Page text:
Sony Corp., Japan’s biggest consumer-electronics exporter, unexpectedly reported an eighth consecutive quarterly loss on waning demand for TVs and consumer preferences for Apple Inc. and Samsung Electronics Co. devices.
The net loss narrowed to 10.8 billion yen ($115 million) in the three months ended December from 159 billion yen a year earlier, the Tokyo-based company said in a statement. The TV maker was expected to post a 21 billion-yen profit based on the average of three analyst estimates compiled by Bloomberg. The company reiterated its forecast for annual net income of 20 billion yen, its first profitable year in five.
Japan’s biggest consumer-electronics exporter has lost market share as its struggles to develop products able to compete with Apple iPads and Samsung Galaxy smartphones. A weaker yen, which boosted earnings at Japanese rivals Panasonic Corp. and Sharp Corp., also failed to help Sony withstand a slump in global TV sales.
“Nothing substantial has really changed in Sony’s businesses,” Keita Wakabayashi, an analyst at Mito Securities Co. in Tokyo, said before the announcement. “TV is no longer a cash cow, and the outlook for Japanese consumer-electronics makers remains tough.”
Sony rose 2.6 percent to 1,519 yen in Tokyo trading before the earnings announcement. The stock has jumped 59 percent this year.
Panasonic posted a surprise net income of 61 billion yen in the three months ended December, while Sharp made its first operating profit in five quarters. The yen has plunged since the end of September, helped by new Prime Minister Shinzo Abe’s call for “bold monetary policy” to beat deflation and weaken the currency.
Sony’s electronics unit faces a “tough environment,” Chief Financial Officer Masaru Kato said during a briefing in Tokyo. He said the weaker yen presents a “significant upside” for the company next fiscal year.
Sony cut its full-year sales targets for TVs to 13.5 million units from 14.5 million, for compact cameras to 15 million from 16 million, and for portable game players to 7 million from 10 million. It kept its smartphone sales target of 34 million units.
Sony’s mobile products division, which makes Xperia smartphones and tablet computers, posted an operating loss of 21.3 billion yen, narrower than the loss of 48.4 billion yen a year earlier.
Operating loss at the home-entertainment unit, which includes TVs, narrowed to 8 billion yen from 89.8 billion yen a year earlier.
Sony President Kazuo Hirai is trying to revive the company’s electronics business by focusing on mobile devices, games and digital imaging. He is cutting 10,000 jobs and has pledged to make the TV unit, the world’s third-biggest, profitable in the year starting April 1 after nine straight years of losses. The company projects an 80 billion-yen loss at its TV unit in the current fiscal year.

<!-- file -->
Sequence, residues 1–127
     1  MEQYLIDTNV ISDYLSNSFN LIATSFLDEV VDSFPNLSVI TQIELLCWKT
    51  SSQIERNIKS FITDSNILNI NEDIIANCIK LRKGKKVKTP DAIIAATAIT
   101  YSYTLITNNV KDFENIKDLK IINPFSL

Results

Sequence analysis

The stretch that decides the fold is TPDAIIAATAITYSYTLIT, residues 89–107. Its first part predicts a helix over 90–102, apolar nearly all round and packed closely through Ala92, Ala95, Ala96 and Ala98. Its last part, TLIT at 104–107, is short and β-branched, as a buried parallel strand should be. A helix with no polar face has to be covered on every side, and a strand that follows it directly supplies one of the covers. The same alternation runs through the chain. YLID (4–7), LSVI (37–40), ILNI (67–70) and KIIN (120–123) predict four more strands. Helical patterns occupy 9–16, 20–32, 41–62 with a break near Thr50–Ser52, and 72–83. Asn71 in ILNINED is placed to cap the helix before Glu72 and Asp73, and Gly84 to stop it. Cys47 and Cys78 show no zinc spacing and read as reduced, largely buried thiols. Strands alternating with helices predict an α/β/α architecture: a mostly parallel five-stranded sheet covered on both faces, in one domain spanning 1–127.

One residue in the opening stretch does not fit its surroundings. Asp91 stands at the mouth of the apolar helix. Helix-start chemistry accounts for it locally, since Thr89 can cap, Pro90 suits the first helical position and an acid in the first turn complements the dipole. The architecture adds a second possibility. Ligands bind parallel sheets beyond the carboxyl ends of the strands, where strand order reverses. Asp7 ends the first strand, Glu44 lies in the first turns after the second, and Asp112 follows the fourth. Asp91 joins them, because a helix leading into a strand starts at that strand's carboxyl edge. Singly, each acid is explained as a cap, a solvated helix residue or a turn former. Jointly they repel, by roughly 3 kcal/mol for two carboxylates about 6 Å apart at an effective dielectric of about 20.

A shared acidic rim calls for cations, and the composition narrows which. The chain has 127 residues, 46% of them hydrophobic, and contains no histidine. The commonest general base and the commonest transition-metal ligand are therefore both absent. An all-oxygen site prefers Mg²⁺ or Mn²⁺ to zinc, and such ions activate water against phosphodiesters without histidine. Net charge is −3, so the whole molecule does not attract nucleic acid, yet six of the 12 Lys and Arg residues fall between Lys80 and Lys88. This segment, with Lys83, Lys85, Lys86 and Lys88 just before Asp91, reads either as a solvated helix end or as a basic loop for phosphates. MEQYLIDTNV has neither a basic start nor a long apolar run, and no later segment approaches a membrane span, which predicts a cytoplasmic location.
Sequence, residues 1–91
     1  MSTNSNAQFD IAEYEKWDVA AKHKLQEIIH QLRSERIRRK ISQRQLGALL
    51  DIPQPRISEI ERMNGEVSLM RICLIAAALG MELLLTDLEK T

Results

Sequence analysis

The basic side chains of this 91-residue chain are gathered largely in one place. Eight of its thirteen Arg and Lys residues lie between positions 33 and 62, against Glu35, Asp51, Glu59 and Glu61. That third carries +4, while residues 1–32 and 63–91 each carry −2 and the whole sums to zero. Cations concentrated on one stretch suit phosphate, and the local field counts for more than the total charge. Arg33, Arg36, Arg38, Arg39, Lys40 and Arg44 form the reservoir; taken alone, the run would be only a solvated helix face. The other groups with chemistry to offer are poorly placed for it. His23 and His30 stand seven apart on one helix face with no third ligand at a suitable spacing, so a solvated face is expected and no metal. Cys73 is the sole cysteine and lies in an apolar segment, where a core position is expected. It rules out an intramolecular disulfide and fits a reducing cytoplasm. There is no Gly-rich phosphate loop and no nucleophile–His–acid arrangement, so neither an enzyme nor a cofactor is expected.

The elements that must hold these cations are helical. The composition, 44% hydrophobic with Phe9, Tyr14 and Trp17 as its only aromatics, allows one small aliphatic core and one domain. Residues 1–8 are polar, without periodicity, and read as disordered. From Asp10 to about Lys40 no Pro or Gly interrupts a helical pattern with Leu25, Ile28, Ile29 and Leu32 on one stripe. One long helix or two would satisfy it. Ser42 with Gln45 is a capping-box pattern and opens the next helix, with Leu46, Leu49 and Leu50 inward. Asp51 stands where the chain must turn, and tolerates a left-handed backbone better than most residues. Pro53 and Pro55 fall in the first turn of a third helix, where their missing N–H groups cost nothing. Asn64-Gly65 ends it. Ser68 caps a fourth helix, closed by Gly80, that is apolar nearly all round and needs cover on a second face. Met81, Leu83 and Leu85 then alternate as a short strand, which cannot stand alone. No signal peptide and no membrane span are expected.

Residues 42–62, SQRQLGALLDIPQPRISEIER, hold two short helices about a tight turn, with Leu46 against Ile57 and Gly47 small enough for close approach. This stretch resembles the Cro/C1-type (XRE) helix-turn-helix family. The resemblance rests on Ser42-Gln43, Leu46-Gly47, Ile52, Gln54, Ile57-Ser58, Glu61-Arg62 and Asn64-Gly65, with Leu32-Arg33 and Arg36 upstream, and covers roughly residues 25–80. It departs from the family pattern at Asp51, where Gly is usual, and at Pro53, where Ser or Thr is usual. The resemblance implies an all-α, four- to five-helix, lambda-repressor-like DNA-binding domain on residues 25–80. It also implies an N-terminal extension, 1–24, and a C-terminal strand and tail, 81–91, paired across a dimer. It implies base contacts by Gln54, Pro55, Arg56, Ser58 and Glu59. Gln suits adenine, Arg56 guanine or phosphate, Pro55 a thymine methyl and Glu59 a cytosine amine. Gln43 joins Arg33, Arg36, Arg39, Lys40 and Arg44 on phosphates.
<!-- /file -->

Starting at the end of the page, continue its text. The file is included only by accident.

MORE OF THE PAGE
To help fund the turnaround, Sony said last month it will sell its New York headquarters to investors led by Chetrit Group for $1.1 billion. The deal, set to close in March, will generate an operating income gain of about $685 million, Sony said Jan. 18. The Tokyo-based company also raised 150 billion yen selling five-year convertible bonds in November, its first offering of such securities since 2003.
Third-quarter restructuring charges increased to 16.7 billion yen from 4.5 billion yen a year earlier.
Sony is counting on new products to help lure consumers from Apple iPads and Samsung Galaxy devices. At last month’s Consumer Electronics Show in Las Vegas, it introduced new higher-definition TVs, water-resistant smartphones and a more-powerful digital camera. The company also revealed plans to offer Ultra-High Definition content from Sony Pictures for downloading on its TVs.
A PlayStation event has been announced for Feb. 20, stoking speculation the company will unveil a fourth-generation console. Sony also has invested in medical-device maker Olympus Corp. and gaming platform company Gaikai Inc., and in facilities to make image sensors.
Suwon, South Korea-based Samsung — the world’s biggest maker of smartphones, TVs and computer-memory chips — last month warned that profit this year would be hit by a strengthening won. It also said global demand for smartphones was slowing.
Apple’s profit grew at the slowest pace since 2003 in the quarter ended December as the lack of a low-cost iPhone dented growth in emerging markets.
Worldwide smartphone shipment jumped 36 percent to 219.4 million units in the fourth quarter, according to IDC. Sony’s market share rose to 4.5 percent from 3.9 percent a year earlier, the researcher said. Samsung topped the rankings controlling 29 percent of the market, followed by Apple with about 22 percent.
Global flat-panel TV shipments probably fell 2 percent to 217.7 million units last year, the first annual decline, according to DisplaySearch. They may rise 3.7 percent to 226 million this year, it said. Industrywide revenue may fall 1 percent to $104.6 billion, following a 6 percent decline last year, according to the researcher.
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